PM2.5: A Tale of Two Days

In our study of air pollution in China, we stumbled upon two extraordinary days.  The first, which we initially thought was a fluke, turned out to be a single day when air pollution across China was more extensive than we had seen in a years worth of data.  It was a mystery until  lead scientist, Robert Rohde, asked a key question: could this have been the Chinese New Year?

The second extraordinary event lasted over a week, and it was a period of remarkably clean air over Beijing — achieved purposefully but undoubtedly at no small expense by the Chinese government.  They wanted blue skies for their parade celebrating the liberation of China from Japan in World War II, and they got those blue skies.  If nothing else, their success showed that, in principle, the Chinese can indeed control their own air quality.
These are extraordinary events.  The backdrop is the work recently published by Berkeley Earth describing air pollution in China.  To accomplish this, we used the same mathematical methods that we had used in our study of global warming.  This study covered four months of data.  We wrote:


During our analysis period, 92% of the population of China experienced >120 hours of unhealthy air (US EPA standard), and 38% experienced average concentrations that were unhealthy. China’s population-weighted average exposure to PM2.5 was 52 μg/m3. The observed air pollution is calculated to contribute to 1.6 million deaths/year in China [0.7–2.2 million deaths/year at 95% confidence], roughly 17% of all deaths in China.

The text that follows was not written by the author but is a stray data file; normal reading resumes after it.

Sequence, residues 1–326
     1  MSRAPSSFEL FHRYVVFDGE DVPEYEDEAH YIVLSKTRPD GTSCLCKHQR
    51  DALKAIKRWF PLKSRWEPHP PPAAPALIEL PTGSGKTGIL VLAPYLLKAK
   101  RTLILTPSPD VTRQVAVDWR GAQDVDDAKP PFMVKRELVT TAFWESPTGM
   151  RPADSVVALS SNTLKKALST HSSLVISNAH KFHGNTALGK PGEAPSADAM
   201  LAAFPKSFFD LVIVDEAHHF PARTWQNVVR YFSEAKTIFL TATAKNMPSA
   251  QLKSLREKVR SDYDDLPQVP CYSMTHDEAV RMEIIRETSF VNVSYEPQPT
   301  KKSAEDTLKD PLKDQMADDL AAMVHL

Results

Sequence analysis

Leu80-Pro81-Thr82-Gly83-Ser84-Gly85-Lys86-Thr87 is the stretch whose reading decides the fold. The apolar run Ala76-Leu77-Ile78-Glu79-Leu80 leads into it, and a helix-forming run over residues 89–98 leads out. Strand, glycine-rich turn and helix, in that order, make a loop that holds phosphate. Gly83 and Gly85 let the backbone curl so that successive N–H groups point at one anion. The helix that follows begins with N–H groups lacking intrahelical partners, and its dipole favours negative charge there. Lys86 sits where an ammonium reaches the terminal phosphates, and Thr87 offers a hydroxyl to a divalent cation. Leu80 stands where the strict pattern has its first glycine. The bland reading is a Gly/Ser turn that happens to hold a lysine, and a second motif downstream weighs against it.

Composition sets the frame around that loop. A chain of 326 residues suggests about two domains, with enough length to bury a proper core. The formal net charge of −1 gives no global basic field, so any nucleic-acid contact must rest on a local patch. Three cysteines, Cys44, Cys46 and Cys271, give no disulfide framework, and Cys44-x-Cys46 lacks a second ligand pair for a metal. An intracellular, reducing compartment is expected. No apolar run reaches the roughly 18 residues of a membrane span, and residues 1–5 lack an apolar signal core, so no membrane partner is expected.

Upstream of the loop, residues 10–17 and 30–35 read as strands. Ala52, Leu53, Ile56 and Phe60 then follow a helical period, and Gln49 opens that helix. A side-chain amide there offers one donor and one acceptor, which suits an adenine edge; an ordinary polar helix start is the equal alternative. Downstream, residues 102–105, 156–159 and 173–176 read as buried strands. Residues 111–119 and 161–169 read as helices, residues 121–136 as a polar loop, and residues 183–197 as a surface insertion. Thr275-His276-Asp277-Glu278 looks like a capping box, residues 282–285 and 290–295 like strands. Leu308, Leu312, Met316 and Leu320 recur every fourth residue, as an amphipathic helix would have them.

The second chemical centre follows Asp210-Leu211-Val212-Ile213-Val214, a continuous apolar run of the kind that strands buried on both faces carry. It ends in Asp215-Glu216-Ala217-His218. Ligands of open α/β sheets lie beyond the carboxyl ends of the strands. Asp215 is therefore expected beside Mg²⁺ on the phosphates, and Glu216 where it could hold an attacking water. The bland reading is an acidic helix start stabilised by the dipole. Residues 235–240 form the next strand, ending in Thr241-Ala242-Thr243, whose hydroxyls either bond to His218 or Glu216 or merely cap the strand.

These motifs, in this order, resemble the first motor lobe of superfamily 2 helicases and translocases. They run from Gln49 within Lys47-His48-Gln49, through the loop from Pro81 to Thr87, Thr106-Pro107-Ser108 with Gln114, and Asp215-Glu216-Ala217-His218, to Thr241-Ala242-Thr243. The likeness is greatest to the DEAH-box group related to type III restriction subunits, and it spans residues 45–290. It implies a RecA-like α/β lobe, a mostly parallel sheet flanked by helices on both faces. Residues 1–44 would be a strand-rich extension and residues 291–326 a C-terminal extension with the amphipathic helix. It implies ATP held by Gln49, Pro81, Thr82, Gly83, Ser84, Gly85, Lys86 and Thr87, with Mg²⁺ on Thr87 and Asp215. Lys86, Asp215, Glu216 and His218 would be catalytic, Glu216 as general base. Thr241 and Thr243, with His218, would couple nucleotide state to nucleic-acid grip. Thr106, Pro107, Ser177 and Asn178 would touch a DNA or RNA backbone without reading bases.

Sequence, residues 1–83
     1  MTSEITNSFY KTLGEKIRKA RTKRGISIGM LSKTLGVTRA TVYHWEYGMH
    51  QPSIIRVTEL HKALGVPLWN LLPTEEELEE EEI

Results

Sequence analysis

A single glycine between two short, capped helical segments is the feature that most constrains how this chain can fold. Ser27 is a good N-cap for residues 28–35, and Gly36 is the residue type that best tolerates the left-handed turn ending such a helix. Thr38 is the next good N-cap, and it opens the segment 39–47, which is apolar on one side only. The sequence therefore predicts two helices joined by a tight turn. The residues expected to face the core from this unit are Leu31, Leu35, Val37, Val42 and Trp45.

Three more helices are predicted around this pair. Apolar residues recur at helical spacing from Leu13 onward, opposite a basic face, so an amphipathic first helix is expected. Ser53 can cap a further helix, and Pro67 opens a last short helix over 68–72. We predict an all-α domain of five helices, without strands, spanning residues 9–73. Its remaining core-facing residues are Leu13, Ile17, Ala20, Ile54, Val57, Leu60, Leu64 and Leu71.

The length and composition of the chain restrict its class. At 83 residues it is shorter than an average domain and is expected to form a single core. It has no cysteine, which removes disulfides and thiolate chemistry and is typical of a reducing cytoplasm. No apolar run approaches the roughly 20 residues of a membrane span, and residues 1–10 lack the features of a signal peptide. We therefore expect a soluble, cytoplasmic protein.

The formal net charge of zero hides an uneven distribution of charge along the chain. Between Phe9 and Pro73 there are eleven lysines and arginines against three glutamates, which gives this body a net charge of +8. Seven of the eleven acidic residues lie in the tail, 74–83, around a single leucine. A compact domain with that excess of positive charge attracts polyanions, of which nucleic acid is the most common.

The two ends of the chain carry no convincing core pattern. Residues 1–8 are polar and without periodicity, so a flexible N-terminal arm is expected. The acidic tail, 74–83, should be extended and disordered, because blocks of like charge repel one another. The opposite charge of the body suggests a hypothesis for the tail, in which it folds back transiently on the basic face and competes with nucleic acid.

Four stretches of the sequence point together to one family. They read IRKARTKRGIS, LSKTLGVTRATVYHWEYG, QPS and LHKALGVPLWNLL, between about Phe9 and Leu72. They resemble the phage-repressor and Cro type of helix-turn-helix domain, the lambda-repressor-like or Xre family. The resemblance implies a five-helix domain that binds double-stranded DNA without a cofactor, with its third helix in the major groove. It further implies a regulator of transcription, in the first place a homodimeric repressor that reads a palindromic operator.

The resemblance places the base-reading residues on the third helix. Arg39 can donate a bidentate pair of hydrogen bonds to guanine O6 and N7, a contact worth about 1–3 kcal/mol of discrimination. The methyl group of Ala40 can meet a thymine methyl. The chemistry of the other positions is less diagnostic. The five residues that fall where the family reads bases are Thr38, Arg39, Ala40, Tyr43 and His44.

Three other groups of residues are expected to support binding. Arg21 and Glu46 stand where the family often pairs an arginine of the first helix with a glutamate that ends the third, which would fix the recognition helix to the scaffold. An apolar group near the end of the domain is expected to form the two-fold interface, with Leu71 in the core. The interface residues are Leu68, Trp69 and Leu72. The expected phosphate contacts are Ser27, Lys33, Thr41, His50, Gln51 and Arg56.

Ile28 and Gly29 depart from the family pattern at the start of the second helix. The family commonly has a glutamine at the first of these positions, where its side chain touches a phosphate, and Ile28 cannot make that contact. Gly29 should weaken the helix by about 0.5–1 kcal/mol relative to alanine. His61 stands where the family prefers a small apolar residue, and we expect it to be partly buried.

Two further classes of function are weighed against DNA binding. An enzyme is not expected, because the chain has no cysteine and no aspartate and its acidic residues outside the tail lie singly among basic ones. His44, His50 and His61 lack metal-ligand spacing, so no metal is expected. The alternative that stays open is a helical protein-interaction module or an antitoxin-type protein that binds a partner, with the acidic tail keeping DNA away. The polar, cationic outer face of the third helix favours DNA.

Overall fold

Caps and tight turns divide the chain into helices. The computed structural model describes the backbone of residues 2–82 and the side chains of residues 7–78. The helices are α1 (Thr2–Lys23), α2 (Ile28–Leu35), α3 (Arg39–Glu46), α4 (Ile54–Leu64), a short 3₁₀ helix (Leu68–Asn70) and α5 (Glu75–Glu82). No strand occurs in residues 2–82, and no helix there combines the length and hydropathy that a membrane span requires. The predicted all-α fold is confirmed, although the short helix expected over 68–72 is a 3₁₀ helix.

Starting in 2012 China began the development of an air quality monitoring system that now includes over 900 stations in nearly 200 cities. These stations report hourly data on  PM2.5 , PM10, SO2, NO2, O3, and CO.  Unlike other studies that relied on modelling or satellite observations, our study compiled data from ground stations. The density of the stations and the frequency of reporting allowed us to build area estimates for each of these pollutants.

That data has been compiled into datasets available in our data repository,  but for a quick idea of what the data actually looks like over time, this youtube video helps: